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Week of June 3, 2002

the underground gourmet
Supper Time
It's no surprise that Supper, the new East Village osteria, is an instant word-of-mouth hit: The man behind the restaurant (and the stove), wearing a T-shirt that reads the big meatball and dodging three-foot flames, is local hero Frank Prisinzano, chef-owner of the perpetually packed Italian-American Frank and its five-month-old spinoff, Lil' Frankie's. A victim of his own success, Prisinzano was practically forced by fundamentalist Frank fans into opening the third link in his East Village empire, which specializes in northern-style cucina. "I'm totally in love with Italian cooking -- southern Italian, northern Italian," says the polpette kingpin. "But I can't change anything on Frank's menu or it becomes a big uproar, like 'Whaddya mean you don't have that?' " So in order to indulge his appetite for Venetian calf's liver, bollito misto, and bagna cauda, Prisinzano renovated an Alphabet City office, furnishing it with a weathered tile floor, rough wooden communal tables, a bustling open kitchen, funky old-lady light fixtures, and mismatched floral-pattern plates that evoke Sunday supper at Grandma's house. "I want the place to have the feeling of home," he says. The real attraction, though, is simple, well-executed, traditional dishes like garlic-rubbed bruschetta drizzled with olive oil and sprinkled with sea salt; an herby minestrone Genovese; perfectly thin veal Milanese with an irresistible golden-brown bread-crumb crust; a luscious Piedmontese disc of chocolate-hazelnut custard with fresh berries, all at familiar Frank prices. Although a pasta or two might be on the far side of al dente, no one's perfect -- not even Grandma.— ROB PATRONITE
156 East 2nd Street


best of the week
Blue Crab Festival on June 8 and 9
Park Slope's Minnow is throwing its first annual Blue Crab Festival, inspired by old-fashioned crab boils: There'll be plenty of claws, backfin, and other kinds of sea creatures (including fresh blue crabs boiled in beer).
The Minnow
442 Ninth Street


Move Over Good Humor
If the Good Humor truck doesn't jingle-jangle its way down your block this summer, you might try your neighborhood Godiva shop. Chocolate Eclair bars and King Cones have nothing on the chocolate giant's new $3.50 ice-cream bar, a superrich concoction of swirly caramel-laced ice cream in a pecan-sprinkled milk-chocolate shell. You won't even miss the tinny strains of "The Entertainer." (Available at most Godiva boutiques throughout Manhattan.)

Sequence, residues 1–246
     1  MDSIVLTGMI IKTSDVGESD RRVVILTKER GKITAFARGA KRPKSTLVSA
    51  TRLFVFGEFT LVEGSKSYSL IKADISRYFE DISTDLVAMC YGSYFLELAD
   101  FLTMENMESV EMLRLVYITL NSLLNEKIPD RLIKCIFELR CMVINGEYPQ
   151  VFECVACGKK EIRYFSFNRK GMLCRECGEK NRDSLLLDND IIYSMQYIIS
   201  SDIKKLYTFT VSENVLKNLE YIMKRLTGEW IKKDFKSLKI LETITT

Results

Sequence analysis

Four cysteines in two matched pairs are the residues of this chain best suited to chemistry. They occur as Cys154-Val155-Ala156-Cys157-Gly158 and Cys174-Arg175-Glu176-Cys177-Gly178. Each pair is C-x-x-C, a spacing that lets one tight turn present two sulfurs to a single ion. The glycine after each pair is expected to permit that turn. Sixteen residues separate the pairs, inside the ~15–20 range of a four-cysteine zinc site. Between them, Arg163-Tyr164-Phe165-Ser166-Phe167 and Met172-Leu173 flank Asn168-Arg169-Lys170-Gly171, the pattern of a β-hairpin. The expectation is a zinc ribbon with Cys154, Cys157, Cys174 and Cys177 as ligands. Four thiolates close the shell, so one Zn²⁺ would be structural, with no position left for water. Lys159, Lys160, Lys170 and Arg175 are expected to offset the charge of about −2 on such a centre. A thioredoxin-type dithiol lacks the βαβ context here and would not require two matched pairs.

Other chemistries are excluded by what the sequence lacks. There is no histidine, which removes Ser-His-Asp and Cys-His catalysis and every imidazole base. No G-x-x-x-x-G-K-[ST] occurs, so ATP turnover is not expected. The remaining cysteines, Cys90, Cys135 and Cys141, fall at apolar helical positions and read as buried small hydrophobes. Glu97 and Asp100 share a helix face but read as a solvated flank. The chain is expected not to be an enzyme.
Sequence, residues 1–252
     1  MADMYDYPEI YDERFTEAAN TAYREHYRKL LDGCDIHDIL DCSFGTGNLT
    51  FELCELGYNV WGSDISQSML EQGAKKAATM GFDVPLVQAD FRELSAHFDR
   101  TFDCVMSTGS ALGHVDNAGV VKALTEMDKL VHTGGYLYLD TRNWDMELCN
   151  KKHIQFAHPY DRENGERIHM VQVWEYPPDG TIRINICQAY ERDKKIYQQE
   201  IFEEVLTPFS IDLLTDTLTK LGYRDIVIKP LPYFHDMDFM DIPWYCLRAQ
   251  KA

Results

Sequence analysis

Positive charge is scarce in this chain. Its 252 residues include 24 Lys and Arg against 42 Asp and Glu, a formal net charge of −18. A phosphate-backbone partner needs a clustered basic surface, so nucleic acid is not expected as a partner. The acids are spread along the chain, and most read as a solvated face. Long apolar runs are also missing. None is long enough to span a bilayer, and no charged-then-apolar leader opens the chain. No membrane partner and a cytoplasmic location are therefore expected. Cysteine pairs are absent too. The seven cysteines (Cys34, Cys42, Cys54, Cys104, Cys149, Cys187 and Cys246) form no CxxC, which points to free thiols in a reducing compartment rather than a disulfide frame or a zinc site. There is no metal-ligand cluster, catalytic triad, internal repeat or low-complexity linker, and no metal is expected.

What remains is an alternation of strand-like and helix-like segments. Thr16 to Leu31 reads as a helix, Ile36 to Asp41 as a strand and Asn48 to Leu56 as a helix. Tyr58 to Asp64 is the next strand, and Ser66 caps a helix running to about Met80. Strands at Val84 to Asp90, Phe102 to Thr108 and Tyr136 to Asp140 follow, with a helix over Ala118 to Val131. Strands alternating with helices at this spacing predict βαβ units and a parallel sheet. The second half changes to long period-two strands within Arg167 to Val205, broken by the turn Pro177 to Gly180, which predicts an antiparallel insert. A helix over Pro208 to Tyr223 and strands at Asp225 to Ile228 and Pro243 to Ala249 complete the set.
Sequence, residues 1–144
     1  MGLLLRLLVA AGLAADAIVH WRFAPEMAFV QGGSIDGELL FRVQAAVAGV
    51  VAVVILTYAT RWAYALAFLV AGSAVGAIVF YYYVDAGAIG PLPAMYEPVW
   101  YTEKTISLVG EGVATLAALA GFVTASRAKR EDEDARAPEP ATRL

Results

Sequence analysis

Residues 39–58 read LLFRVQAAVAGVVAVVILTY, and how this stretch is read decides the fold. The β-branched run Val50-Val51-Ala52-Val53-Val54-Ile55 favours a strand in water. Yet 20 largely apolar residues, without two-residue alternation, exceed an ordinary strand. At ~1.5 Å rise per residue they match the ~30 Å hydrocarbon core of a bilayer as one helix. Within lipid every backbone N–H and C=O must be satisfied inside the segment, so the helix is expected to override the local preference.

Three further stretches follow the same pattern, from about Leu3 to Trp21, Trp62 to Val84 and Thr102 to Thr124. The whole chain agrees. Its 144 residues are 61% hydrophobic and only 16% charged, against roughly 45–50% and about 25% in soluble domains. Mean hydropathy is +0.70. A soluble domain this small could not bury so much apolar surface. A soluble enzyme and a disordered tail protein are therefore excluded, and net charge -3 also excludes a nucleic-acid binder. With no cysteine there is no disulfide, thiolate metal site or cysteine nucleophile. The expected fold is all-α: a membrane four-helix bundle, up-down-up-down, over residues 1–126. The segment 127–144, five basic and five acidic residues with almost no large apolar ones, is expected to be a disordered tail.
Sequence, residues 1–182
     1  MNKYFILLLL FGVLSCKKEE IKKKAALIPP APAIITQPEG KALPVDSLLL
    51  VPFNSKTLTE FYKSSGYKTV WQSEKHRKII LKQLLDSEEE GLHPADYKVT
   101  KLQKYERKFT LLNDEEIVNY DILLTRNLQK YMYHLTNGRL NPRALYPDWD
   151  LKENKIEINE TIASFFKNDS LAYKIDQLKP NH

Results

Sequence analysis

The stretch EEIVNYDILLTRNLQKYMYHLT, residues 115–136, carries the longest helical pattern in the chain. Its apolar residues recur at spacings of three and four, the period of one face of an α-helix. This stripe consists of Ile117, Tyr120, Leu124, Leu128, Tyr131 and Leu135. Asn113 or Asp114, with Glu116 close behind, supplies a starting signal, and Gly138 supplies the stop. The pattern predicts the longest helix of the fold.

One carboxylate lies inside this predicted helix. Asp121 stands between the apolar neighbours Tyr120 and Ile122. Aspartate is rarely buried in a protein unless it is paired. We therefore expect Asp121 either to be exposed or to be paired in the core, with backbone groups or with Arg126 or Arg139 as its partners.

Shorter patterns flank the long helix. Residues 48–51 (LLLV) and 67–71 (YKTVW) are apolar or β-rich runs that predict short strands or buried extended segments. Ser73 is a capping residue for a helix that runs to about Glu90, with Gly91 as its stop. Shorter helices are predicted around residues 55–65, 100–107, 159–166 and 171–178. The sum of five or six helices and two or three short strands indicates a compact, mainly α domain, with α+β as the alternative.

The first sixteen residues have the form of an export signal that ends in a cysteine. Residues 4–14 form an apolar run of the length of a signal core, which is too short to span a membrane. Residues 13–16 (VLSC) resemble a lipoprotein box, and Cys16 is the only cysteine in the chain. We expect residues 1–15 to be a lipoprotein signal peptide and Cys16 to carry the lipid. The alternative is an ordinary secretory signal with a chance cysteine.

Ask Gael
Where are you feeling a greenhouse effect?
I'm betting that the low, lean, and sexy intimacy of Jimmy's Downtown will lure heat-seeking grown-ups on the prowl to this unlikely eastern shoal of 57th Street. Especially if there's hope of a welcoming hug from Jimmy's Bronx Café's matinee-idol host, Jimmy Rodriguez. Slither through the crowd in the all-white, candlelit bar and lounge with slashes of red and a tsunami of discreetly silent tellys. Settle into a booth out back where amiable sally-league servers lyricize over yuca-crusted scallops, the fine fried-artichoke salad, a huge and juicy pork chop, and luscious grilled sturgeon on creamy avocado mash. Early on, the kitchen was still uneven, but executive chef Linda Japngie is hopeful, having snagged a new hand from her Bouley days. So if the tamarind-lobster resists the knife (a tad too tough, but what a delicious brine), eat it with your fingers, or settle for the crispy soft-shell crab in a tomato-caper stew. And don't leave without indulging in lush coconut flan.
Jimmy Downtown
400 East 57th Street

Bites & Buzz Archive

Week of May 27
A (blue) lobsterfest; Restaurant 222's $20 prix-fixe; summer restaurant week begins; Citymeals-on-Wheels salute; will Butter make Gael phat?
Week of May 20
Ice ice baby; Jimmy Rodriguez heads downtown; the new Zagat of the wine world?; Gael finds Greeks bearing gifts
Week of May 13
Coda Café becomes Café 66; Beacon revives a nineteenth-century tradition; The Palm gets back to its red-sauce roots.

and more ...

Photos: From top to bottom- Carina Salvi (2); Kenneth Chen.

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